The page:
Theory-induced blindness and Vermeer’s and Rahmstorf’s “Global sea level linked to global temperature.”
In one of the many interesting chapters of Thinking, Fast and Slow, Daniel Kahneman, Princeton University Emeritus Professor of Psychology and winner of the 2002 Nobel Prize in Economics discussed Daniel Bernoulli’s 250-year-old mathematical theory of risk aversion.
Kahneman points out that “Bernoulli’s essay is a marvel of concise brilliance…
Most impressive, his analysis… has stood the test of time: it is still current in economic analysis almost 300 years later. The longevity of the theory is all the more remarkable because it is seriously flawed. The errors of a theory are rarely found in what it asserts explicitly; they hide in what it ignores or tacitly assumes”
Kahneman then goes on to demolish of Bernoulli’s theory. This demolition is simple and incontrovertible, takes about one page, and is easily understood by anybody of average intelligence. Kahneman says this about the demolition…
“All this is rather obvious, isn’t it? One could easily imagine Bernoulli himself constructing similar examples and developing a more complex theory to accommodate them; for some reason, he did not. One could imagine colleagues of his time disagreeing with him, or later scholars objecting as they read his essay; for some reason, they did not either.
The mystery is how a conception … that is vulnerable to such obvious counterexamples survived for so long. I can explain it only by a weakness of the scholarly mind that I have often observed in myself. I call it theory-induced blindness: once you have accepted a theory and used it as a tool in your thinking, it is extraordinarily difficult to notice its flaws. If you come upon an observation that does not seem to fit the model, you assume that there must be a perfectly good explanation that you are somehow missing. You give the theory the benefit of the doubt, trusting the community of experts who have accepted it. Many scholars have surely thought at one time or another of stories such as [the examples that Kahneman gives] and casually noted that these stories did not jibe…But they did not pursue the idea to the point of saying ‘this theory is seriously wrong because it ignores the fact[s]‘…As the psychologist Daniel Gilbert observed, disbelieving is hard work…”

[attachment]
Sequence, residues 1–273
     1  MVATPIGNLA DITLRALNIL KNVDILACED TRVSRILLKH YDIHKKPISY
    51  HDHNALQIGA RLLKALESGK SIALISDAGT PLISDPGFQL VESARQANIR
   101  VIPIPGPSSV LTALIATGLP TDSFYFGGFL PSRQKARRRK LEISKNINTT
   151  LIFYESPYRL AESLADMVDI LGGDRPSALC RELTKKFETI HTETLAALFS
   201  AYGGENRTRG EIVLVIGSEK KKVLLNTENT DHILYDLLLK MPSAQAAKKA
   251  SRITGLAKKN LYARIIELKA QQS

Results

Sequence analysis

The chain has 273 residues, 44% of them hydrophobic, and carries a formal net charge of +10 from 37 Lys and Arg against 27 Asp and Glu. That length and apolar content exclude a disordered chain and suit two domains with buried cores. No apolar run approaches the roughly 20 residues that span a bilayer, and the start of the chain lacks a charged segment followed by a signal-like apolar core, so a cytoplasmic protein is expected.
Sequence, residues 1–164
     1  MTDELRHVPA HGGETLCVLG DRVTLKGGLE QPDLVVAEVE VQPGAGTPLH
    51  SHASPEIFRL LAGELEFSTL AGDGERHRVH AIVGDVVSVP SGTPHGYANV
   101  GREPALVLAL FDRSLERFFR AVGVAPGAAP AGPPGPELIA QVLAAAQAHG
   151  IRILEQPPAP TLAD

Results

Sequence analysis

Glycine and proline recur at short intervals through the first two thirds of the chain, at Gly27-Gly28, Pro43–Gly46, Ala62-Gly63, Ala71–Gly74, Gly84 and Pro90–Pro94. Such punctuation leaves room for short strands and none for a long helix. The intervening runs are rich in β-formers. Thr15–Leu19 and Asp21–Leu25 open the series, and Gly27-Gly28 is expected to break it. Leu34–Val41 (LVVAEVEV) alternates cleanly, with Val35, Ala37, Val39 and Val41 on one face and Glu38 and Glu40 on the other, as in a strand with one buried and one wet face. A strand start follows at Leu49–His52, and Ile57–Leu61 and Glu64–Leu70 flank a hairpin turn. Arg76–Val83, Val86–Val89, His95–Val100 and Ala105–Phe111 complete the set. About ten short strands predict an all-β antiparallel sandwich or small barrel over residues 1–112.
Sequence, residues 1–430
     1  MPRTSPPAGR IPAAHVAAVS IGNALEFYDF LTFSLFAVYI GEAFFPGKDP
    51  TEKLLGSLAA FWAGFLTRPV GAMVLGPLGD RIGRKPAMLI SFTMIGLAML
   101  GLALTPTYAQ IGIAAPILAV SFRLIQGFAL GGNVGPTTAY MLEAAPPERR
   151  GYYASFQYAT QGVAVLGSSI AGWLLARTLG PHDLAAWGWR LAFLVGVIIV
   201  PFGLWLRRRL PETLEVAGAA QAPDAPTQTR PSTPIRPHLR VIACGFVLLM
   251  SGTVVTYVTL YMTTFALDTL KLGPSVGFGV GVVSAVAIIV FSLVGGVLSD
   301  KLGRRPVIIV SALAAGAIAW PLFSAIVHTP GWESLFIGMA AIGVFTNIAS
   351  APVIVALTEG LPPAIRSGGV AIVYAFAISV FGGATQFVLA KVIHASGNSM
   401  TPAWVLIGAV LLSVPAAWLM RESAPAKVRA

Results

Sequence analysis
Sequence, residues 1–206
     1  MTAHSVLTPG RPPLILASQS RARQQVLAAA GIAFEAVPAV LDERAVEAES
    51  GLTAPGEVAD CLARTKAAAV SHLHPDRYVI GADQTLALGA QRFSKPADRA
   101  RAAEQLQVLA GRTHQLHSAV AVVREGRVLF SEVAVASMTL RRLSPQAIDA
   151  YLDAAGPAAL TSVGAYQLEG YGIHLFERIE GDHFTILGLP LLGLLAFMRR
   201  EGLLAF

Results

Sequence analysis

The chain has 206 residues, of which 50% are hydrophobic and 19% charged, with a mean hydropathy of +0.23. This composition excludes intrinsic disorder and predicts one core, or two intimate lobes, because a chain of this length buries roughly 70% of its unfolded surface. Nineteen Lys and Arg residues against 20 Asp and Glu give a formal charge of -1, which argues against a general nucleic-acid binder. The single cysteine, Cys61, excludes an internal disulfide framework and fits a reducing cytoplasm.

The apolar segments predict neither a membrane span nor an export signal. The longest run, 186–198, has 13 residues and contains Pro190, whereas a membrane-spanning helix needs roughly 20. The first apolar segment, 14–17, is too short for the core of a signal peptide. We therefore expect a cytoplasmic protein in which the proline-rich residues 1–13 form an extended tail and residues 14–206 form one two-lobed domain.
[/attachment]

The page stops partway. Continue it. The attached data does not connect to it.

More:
What does all this have to do with ClimateSanity? Simple – it sounds like Vermeer’s and Rahmstorf’s model linking global sea level to global temperature (“Global sea level linked to global temperature,” Proceedings of the National Academy of Science, December 22, 2009 vol. 106 no. 51 21527-21532 ). It has been incontrovertibly demolished, but the believer’s just can’t let it go. They must suffer theory-induced blindness. They seem to have endless capacity to simply overlook the plethora of bizarre, improbable or impossible consequences of the Vermeer and Rahmstorf model.